North Carolina Department of Justice
North Carolina Department of Justice
North Carolina Department of Justice
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REPLY TO: Edwin M. Speas, Jr.

(919) 716-6400 FAX: (919) 716-0135

October 8, 2002

Deborah R. Carrington Executive Secretary State of North Carolina Judicial Standards Commission Post Office Box 1122 Raleigh, NC 27602

Re: Advisory opinion; Judicial Standards Commission; Confidentiality of Records; G.S. 132-1 et. seq.; G.S. 7A-377

Dear Ms. Carrington:

The Judicial Standards Commission has received a request from the News and Observer to examine and copy all documents relating to the development and adoption of the Commission’s rule authorizing private admonitions and all private admonitions issued pursuant to that rule. The Commission has requested our advice before it responds to the News and Observer’s request. We are pleased to share with the Commission our analysis of the pertinent statutes.

Our courts have established two general rules for construing the statutes providing for public access to records in the possession of executive and legislative branch officials: that the statutes will be construed to provide liberal access to those records and, correspondingly, that records will be deemed public records absent an express statutory provision to the contrary. See, e.g., News and Observer Publishing Co. v. Poole, 300 N.C. 465 (1992). These same rules of construction ordinarily also apply in determining access to records maintained by the judicial branch of government. See G.S. 7A-109(a) (Court records are public records). But see Virmani v. Presbyterian Health Services Corp., 350

N.C. 449, 463 (1999) (notwithstanding the public records act and G.S. 7A-109(a), a court “may shield portions of court proceedings and records from the public” where required for the “proper and fair administration of justice” or “where, for reasons of public policy, the openness ordinarily required for our government will be more harmful than beneficial.”)

To our knowledge, there is no statute exempting records pertaining to the development and adoption of the Commission’s rules from the scope of the Public Records Act, G.S. 132-1 et. seq. Therefore, nothing else appearing the Commissions’ records concerning the development and adoption of its rules are public records.

Deborah R. Carrington October 8, 2002 Page 2

The General Assembly, however, has specifically addressed the confidentiality of the Commission’s documents concerning individual justices or judges. G.S. 7A-377(a) provides in pertinent part:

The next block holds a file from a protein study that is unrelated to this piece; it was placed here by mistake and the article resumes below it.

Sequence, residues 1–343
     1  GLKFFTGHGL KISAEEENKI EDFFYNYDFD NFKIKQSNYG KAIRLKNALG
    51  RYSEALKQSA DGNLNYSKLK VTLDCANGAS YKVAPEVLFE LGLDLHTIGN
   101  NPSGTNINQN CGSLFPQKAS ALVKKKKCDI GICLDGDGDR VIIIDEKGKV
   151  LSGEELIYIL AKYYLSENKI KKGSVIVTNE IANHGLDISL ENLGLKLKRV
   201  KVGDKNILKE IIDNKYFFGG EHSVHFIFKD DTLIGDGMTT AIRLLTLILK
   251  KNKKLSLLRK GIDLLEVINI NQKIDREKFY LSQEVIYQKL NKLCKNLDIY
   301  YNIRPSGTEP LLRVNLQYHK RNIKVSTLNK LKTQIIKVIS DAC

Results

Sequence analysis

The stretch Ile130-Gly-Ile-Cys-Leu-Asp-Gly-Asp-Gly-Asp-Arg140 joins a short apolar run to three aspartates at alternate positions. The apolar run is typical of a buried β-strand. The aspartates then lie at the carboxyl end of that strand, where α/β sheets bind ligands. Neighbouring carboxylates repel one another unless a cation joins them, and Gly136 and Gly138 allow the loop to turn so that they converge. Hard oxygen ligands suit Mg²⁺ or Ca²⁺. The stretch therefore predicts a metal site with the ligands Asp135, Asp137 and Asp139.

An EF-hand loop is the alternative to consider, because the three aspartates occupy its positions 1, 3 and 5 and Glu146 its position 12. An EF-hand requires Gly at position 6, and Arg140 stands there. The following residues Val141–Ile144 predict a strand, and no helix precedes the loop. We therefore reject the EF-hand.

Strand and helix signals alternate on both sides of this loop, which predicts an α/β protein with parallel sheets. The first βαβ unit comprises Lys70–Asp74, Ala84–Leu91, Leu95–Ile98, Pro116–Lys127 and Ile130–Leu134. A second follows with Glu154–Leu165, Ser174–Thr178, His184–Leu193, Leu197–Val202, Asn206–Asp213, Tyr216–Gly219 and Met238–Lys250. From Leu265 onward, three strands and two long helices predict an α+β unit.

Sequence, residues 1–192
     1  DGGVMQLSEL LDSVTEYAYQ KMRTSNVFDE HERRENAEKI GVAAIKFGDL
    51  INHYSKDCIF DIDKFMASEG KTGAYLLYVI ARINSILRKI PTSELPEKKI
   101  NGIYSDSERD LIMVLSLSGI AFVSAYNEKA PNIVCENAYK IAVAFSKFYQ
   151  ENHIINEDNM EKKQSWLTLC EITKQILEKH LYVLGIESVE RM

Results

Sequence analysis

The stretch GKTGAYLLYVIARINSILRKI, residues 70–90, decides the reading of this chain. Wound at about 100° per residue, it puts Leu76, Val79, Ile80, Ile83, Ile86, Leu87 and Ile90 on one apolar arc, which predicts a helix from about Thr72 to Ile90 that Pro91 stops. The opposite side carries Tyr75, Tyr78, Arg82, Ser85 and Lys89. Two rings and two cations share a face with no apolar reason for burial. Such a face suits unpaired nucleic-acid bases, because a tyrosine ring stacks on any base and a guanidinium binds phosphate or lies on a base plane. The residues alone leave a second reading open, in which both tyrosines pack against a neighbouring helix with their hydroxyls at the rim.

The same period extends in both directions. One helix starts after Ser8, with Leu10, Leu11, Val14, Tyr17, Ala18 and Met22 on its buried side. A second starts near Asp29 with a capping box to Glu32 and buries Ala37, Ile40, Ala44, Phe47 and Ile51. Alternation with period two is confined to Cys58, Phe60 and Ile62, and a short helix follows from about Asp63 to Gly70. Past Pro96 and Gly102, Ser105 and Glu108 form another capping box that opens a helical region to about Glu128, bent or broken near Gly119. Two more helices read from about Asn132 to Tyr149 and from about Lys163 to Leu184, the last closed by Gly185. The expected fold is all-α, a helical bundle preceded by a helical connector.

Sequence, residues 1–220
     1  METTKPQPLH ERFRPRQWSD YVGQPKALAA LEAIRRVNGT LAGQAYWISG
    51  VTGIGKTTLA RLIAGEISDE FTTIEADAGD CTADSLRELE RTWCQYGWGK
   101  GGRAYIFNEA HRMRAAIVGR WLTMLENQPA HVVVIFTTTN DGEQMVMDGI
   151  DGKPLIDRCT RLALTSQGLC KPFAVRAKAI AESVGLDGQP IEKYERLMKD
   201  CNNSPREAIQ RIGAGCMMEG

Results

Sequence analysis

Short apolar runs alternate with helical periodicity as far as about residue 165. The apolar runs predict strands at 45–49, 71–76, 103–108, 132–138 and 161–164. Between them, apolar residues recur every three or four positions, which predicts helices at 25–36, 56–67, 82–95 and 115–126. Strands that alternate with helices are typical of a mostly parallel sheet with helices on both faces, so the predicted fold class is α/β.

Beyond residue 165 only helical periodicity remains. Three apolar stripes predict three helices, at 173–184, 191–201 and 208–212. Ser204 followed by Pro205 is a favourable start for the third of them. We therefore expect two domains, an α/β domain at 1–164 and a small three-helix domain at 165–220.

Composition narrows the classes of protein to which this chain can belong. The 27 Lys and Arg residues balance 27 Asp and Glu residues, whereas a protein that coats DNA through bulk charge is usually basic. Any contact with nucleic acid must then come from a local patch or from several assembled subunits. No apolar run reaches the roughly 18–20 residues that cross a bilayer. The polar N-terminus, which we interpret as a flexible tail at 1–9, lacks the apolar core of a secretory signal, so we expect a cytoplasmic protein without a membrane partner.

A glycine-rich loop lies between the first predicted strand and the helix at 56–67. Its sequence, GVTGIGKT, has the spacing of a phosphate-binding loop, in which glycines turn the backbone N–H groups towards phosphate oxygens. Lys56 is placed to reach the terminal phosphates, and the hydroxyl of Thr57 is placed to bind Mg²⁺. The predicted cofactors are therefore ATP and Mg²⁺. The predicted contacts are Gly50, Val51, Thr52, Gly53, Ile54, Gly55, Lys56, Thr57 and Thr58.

Unless otherwise waived by the justice or judge involved, all papers filed with and proceedings before the Commission, including any preliminary investigation which the Commission may make, are confidential, except as herein provided. After the preliminary investigation is completed, and if the Commission concludes that formal proceedings should be instituted, the notice and complaint filed by the Commission along with the answer and all other pleadings are not confidential.

These provisions seem clear on their face. They reverse the ordinary rule that records are public records unless otherwise expressly provided and substitute the rule that materials in the Commission’s possession concerning a justice or judge are not public records unless otherwise expressly provided. The event that triggers a change in the status of records from confidential to public has been plainly stated by the General Assembly: it is a decision by the Commission to institute formal proceedings against a justice or judge by the filing of a complaint. As we understand the Commission’s rules and practices, a private admonition always precedes the filing of a complaint and in fact cannot be issued once the Commission files a complaint against a justice or judge. If our understanding of the Commission’s procedures is correct, private admonitions fall on the confidential side of the line drawn by the legislature in G.S. 7A-377.

In closing, we would observe that the effect of G.S. 7A-377 on the confidentiality of the Commission’s documents in most respects mirrors the protection of G.S. 126-22 for the “personnel files” of elected and appointed members of the legislative, judicial and executive branches, as made applicable to them by G.S. 126-5(c1)(1)(2) and (3).

Hopefully our advice will be helpful to the Commission as it responds to the News and Observer.

Very truly yours,

Edwin M. Speas, Jr. Chief Deputy Attorney General

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